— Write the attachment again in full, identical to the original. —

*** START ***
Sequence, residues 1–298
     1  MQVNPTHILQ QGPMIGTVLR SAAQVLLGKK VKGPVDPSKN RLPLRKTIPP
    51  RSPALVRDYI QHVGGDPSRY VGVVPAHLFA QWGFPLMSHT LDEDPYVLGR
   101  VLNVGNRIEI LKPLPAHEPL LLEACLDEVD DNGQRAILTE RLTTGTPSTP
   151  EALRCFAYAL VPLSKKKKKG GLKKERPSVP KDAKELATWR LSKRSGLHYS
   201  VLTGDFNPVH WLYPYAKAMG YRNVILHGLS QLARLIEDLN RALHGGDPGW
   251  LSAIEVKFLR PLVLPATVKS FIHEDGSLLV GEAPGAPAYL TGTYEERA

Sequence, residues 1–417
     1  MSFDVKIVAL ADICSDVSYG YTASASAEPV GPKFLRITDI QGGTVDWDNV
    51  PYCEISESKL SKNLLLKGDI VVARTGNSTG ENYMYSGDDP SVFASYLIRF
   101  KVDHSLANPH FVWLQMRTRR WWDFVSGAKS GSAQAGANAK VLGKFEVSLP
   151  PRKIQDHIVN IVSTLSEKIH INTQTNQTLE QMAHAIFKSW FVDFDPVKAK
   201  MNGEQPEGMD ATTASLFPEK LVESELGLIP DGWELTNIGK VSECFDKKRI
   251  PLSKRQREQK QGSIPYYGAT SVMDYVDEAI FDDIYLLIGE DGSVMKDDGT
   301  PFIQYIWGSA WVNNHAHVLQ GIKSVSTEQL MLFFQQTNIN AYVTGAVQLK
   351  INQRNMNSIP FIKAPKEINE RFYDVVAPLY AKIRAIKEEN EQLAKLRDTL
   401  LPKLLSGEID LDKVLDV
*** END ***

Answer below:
Sequence, residues 1–298
     1  MQVNPTHILQ QGPMIGTVLR SAAQVLLGKK VKGPVDPSKN RLPLRKTIPP
    51  RSPALVRDYI QHVGGDPSRY VGVVPAHLFA QWGFPLMSHT LDEDPYVLGR
   101  VLNVGNRIEI LKPLPAHEPL LLEACLDEVD DNGQRAILTE RLTTGTPSTP
   151  EALRCFAYAL VPLSKKKKKG GLKKERPSVP KDAKELATWR LSKRSGLHYS
   201  VLTGDFNPVH WLYPYAKAMG YRNVILHGLS QLARLIEDLN RALHGGDPGW
   251  LSAIEVKFLR PLVLPATVKS FIHEDGSLLV GEAPGAPAYL TGTYEERA

Sequence, residues 1–417
     1  MSFDVKIVAL ADICSDVSYG YTASASAEPV GPKFLRITDI QGGTVDWDNV
    51  PYCEISESKL SKNLLLKGDI VVARTGNSTG ENYMYSGDDP SVFASYLIRF
   101  KVDHSLANPH FVWLQMRTRR WWDFVSGAKS GSAQAGANAK VLGKFEVSLP
   151  PRKIQDHIVN IVSTLSEKIH INTQTNQTLE QMAHAIFKSW FVDFDPVKAK
   201  MNGEQPEGMD ATTASLFPEK LVESELGLIP DGWELTNIGK VSECFDKKRI
   251  PLSKRQREQK QGSIPYYGAT SVMDYVDEAI FDDIYLLIGE DGSVMKDDGT
   301  PFIQYIWGSA WVNNHAHVLQ GIKSVSTEQL MLFFQQTNIN AYVTGAVQLK
   351  INQRNMNSIP FIKAPKEINE RFYDVVAPLY AKIRAIKEEN EQLAKLRDTL
   401  LPKLLSGEID LDKVLDV